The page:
RNA binding and intramolecular interactions modulate the regulation of gene expression by nuclear factor 110

Trevor W. Reichman, Michael B. Mathews

Research output: Contribution to journalArticlepeer-review

39 Scopus citations


Nuclear factor 110 (NF110) belongs to the nuclear factor 90 (NF90) family of double-stranded RNA (dsRNA) binding proteins that regulate gene expression at the transcriptional level in vertebrates. The proteins are identical at their N terminus, which functions as a negative regulatory region, but have distinct C termini as a result of alternate splicing. Maximal transcriptional activity of NF110 requires its C-terminal domain and a central domain that contains a nuclear localization signal and two dsRNA-binding motifs (dsRBMs). We find that dsRNA binding is reduced by RGG and GQSY motifs present in the C-terminal region. To directly evaluate the role of RNA binding in transactivation, we conducted site-directed mutagenesis to substitute conserved residues in one or both of the dsRBMs. The mutations reduced the ability of NF110 to stimulate gene expression to an extent that paralleled the mutants' reduced ability to bind dsRNA. Full activity was restored when the dsRBM-containing region of NF110 was replaced with the RNA-binding region of the protein kinase PKR. Finally, NF110-mediated transactivation was inhibited by cotransfection of a plasmid encoding an artificial highly structured RNA. These data suggest that NF110 and its homologs are regulated by cis-acting domains present in some of the protein isoforms, and via interactions with RNAs that bind to their dsRBMs. We propose a model in which structured RNAs regulate gene expression by modulating transcription through interactions with members of the NF90 protein family.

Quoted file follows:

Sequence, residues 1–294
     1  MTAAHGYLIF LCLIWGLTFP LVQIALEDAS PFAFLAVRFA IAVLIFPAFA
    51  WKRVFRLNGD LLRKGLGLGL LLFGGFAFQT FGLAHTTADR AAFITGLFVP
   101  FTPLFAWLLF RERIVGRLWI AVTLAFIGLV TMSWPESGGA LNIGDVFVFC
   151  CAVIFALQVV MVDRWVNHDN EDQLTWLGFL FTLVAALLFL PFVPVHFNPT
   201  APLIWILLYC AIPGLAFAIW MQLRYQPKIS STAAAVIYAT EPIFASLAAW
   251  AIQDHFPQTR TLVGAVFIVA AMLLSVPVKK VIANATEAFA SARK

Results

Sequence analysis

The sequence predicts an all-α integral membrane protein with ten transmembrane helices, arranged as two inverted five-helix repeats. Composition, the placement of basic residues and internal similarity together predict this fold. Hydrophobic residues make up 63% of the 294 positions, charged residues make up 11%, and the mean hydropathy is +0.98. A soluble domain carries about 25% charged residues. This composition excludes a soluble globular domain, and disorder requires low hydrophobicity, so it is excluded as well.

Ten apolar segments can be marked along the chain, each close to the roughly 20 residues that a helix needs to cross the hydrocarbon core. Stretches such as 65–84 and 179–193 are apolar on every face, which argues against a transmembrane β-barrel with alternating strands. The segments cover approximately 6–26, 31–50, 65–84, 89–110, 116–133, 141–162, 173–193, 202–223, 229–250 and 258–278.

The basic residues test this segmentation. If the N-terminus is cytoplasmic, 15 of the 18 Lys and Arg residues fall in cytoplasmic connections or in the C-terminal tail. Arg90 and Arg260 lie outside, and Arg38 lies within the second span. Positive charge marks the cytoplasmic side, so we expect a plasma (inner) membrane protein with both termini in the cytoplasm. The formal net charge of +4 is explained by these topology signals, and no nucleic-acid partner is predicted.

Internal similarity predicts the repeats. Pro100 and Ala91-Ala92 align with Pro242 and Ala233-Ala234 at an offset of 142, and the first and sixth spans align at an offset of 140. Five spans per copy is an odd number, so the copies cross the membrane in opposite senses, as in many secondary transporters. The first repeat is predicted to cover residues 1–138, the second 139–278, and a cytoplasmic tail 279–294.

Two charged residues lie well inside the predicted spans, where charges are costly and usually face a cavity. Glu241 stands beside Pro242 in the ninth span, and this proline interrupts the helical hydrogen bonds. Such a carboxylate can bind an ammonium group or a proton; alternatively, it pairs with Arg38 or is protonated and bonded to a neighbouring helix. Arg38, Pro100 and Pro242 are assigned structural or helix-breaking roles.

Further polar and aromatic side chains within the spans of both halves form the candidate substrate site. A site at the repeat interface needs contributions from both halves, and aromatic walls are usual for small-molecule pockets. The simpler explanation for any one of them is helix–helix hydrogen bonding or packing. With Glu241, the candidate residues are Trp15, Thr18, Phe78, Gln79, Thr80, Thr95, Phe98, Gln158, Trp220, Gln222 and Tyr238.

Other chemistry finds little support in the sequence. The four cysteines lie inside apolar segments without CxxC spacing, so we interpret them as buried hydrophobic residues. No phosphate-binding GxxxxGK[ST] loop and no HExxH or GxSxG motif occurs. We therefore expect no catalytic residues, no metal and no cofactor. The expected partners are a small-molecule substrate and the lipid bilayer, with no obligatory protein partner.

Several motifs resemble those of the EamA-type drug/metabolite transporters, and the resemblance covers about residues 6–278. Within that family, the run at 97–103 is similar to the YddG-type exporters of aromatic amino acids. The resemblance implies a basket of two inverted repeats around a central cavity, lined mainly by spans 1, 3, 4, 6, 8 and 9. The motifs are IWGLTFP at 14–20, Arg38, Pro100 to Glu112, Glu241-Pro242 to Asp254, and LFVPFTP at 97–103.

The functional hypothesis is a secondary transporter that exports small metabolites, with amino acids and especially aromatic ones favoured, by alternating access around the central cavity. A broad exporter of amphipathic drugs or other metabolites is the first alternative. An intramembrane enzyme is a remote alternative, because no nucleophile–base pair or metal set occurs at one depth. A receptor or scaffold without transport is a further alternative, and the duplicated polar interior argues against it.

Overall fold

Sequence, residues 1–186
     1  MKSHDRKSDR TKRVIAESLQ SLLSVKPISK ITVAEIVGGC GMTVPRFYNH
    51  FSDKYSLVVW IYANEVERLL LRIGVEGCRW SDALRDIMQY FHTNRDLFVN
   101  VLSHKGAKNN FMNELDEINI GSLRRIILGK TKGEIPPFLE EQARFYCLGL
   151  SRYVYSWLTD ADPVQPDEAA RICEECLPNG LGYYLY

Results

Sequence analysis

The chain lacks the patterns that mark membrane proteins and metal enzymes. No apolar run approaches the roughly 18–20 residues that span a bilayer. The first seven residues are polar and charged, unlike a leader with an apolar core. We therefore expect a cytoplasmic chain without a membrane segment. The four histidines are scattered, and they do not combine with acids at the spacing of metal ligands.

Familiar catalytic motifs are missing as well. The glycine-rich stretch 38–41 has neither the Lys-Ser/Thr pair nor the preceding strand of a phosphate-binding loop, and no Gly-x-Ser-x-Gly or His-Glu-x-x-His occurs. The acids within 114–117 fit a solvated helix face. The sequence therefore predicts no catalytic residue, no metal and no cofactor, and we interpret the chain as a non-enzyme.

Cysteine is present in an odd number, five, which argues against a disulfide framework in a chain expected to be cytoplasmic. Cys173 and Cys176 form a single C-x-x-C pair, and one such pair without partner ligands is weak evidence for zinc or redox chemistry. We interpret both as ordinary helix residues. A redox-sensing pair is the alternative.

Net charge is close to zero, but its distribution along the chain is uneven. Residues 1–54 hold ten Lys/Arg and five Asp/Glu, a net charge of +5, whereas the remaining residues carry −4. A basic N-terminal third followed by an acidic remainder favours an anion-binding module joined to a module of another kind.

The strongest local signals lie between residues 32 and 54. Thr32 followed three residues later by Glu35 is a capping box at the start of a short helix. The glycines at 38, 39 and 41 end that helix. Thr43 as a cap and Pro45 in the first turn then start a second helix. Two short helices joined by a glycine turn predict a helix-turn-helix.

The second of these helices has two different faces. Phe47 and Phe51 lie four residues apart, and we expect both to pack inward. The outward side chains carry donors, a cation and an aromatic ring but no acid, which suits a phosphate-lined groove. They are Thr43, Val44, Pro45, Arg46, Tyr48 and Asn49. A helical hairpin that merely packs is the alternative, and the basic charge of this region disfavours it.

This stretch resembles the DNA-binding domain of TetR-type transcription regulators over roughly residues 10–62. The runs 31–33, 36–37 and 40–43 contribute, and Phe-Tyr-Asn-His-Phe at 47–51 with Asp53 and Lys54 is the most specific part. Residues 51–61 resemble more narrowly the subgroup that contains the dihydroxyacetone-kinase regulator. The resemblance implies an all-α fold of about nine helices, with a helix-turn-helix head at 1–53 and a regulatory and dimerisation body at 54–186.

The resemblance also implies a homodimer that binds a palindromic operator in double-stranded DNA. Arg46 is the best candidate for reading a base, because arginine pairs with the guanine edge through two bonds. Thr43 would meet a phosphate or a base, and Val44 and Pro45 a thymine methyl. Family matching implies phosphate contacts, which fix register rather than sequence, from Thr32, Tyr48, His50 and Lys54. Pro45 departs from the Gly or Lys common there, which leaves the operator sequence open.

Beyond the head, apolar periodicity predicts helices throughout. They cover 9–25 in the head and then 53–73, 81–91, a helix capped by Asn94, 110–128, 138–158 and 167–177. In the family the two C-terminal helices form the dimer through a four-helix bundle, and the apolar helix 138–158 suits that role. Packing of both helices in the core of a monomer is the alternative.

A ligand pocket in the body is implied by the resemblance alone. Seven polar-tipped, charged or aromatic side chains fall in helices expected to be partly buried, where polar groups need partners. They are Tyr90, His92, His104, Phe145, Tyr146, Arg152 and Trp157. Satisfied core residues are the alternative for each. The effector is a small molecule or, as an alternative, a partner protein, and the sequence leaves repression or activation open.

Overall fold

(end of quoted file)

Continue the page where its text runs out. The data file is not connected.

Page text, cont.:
Original languageEnglish (US)
Pages (from-to)543-554
Number of pages12
Issue number5
StatePublished - May 1 2003

All Science Journal Classification (ASJC) codes

  • Molecular Biology


  • Gene expression
  • ILF3
  • NF90
  • dsRNA
  • dsRNA binding protein


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